Frustration reigns supreme

I hate having to go to the local hospital and the universe has not been on my side lately because

I hate having to go to the local hospital and the universe has not been on my side lately because I have taken Mum there three times in the past two weeks, her recent scans and bloods showed Paget’s Disease and Fibrous Dysplasia of the skull and even with that knowledge the doctor still pushed for her to see an endocrinologist, even though she has no pain and to be honest at 92 with a brain tumour and aneurysm, dementia, arrhythmia, arthritis, I didn’t want her to get on what would no doubt be a medical merry-go-round.

I was completely awash with emotions when we walked through the entry doors and I could feel the panic setting in, I went into the Ladies’ Room and did some deep breathing. Then, I put my big girl knickers on and went back to accompany Mum into her appointment. I know that when you get something uncommon at an advanced age, the medical profession more often than not sees it as an opportunity to investigate the ins and outs of a duck’s bum, and then if possible get the name of the duck.

I do not want Mum becoming a human guinea pig for future generations, and when I voiced those opinions to the doctor he was not terribly impressed. It is standard procedure I was told, but I am very much a realist, maybe because of the life I have had, or maybe because I have had my own mortality put on the table more than once and all because of mistakes made by the medical profession.

They don’t want to hear the facts, like when Mum is taken out of her routine it does not help her dementia; it does nothing more than add unnecessary confusion and I don’t see the point in adding to it especially when only to benefit the doctor’s inquisitive nature. He ordered a bone scan for the following day which she had. For what? Because the doctors thought it would be interesting to see if it was anywhere else in her body.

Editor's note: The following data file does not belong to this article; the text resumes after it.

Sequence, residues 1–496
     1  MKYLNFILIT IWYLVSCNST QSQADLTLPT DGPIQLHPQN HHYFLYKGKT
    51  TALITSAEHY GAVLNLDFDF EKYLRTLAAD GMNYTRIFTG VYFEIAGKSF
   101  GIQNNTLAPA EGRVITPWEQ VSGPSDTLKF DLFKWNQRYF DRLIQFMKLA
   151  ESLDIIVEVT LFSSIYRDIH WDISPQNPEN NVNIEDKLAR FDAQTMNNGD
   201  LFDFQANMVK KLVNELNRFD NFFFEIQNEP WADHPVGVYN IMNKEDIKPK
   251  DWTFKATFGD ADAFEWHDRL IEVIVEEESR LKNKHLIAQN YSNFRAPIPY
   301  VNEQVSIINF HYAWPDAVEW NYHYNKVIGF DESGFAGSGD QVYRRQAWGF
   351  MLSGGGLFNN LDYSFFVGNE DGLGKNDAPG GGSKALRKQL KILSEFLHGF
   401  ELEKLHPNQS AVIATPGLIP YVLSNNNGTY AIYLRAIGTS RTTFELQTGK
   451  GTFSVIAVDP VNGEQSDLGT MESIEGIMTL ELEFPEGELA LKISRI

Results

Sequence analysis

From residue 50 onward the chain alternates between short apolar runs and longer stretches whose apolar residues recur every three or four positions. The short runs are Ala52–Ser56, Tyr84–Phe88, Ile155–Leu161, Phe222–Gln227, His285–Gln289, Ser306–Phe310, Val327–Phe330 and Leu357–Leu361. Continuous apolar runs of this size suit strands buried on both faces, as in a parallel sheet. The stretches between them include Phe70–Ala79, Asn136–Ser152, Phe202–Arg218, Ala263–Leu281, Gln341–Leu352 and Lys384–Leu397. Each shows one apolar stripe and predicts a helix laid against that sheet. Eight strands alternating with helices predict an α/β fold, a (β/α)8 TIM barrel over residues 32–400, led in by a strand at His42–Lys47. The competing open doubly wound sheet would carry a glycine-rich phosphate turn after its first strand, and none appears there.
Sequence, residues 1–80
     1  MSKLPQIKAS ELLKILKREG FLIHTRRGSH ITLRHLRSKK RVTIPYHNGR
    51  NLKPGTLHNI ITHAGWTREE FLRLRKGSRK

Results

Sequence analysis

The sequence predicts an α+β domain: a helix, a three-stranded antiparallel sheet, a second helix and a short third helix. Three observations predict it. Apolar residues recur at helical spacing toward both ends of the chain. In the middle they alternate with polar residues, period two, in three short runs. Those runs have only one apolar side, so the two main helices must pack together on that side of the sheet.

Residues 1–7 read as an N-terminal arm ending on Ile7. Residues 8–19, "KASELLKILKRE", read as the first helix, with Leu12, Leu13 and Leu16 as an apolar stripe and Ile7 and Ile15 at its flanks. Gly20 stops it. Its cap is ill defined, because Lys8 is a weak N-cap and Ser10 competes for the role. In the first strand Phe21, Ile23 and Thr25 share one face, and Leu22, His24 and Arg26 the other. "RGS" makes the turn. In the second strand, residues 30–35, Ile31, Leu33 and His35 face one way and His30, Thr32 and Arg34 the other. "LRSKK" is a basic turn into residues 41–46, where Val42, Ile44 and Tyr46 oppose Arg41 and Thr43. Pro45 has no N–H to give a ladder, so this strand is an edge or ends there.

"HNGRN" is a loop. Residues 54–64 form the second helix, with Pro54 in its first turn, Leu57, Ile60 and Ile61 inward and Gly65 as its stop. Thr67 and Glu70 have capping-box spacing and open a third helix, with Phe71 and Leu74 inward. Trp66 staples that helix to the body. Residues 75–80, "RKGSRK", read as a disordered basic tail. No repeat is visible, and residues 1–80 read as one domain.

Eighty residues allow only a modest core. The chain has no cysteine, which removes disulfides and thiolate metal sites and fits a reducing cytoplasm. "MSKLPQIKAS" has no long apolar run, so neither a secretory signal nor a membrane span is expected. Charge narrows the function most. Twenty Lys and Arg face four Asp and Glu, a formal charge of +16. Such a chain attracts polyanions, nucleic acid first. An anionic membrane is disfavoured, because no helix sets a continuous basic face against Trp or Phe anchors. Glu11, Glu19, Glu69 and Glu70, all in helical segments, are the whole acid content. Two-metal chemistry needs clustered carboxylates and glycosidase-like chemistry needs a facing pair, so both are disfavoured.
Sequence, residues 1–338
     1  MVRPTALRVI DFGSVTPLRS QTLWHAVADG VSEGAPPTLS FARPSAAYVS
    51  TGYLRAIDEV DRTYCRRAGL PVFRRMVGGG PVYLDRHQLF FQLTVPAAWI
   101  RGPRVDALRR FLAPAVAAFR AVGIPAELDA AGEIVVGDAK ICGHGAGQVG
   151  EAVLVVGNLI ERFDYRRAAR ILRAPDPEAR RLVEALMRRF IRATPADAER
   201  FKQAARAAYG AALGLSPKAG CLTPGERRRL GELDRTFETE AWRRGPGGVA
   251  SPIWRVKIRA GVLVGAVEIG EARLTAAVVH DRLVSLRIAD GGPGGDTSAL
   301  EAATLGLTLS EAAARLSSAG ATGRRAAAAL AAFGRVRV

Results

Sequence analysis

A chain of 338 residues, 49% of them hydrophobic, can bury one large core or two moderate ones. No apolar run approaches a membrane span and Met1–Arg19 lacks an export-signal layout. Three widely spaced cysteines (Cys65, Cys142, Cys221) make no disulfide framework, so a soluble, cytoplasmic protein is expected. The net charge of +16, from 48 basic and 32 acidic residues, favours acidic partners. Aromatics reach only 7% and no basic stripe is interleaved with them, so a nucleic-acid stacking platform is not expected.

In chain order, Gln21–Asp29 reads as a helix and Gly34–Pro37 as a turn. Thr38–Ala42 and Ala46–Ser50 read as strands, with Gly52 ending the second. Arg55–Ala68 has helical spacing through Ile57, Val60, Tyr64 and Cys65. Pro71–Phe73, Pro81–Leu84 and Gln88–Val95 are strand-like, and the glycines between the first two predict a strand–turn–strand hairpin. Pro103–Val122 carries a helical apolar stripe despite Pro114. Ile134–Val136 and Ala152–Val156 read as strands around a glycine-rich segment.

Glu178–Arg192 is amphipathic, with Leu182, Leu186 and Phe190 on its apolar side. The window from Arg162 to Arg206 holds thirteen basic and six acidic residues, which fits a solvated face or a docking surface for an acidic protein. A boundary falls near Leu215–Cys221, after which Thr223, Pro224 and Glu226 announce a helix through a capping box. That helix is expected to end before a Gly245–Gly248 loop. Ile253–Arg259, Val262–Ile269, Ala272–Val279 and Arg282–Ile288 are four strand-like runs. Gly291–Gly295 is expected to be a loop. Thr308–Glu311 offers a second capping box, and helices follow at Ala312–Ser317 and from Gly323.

We have to go back and get the results next week. He then wants more blood work done to test Vitamin D and Calcium levels so he can start her on infusions of bio-phosphonates. I asked about side effects, I got ignored. I asked if it was true the bio-phosphonates take months to work,I got ignored. I asked, “What’ the point when Mum has no pain?”, I got ignored. I asked “Could it have a negative effect on her brain tumor or her dementia?”, I got ignored.

When we went back for all of the results, the doctor showed us the actual scan. There is a hot spot on the skull bone behind the blind eye. They now think it could be cancer, so they gave Mum 3 options. To have more radiation, to have an infusion of bio-phosphonates, or to do nothing. I was hoping she would take Option 3 and keep doing what she enjoys instead of dealing with endless side effects; but she chose Option 2.

Her choice but, an acid-based infusion into a 92-year-old body is not a good idea. Personally, I don’t think they have a clue, I think they are guessing, a lot of the medical profession don’t know their backsides from their elbows.

Have you felt the same way as Christine?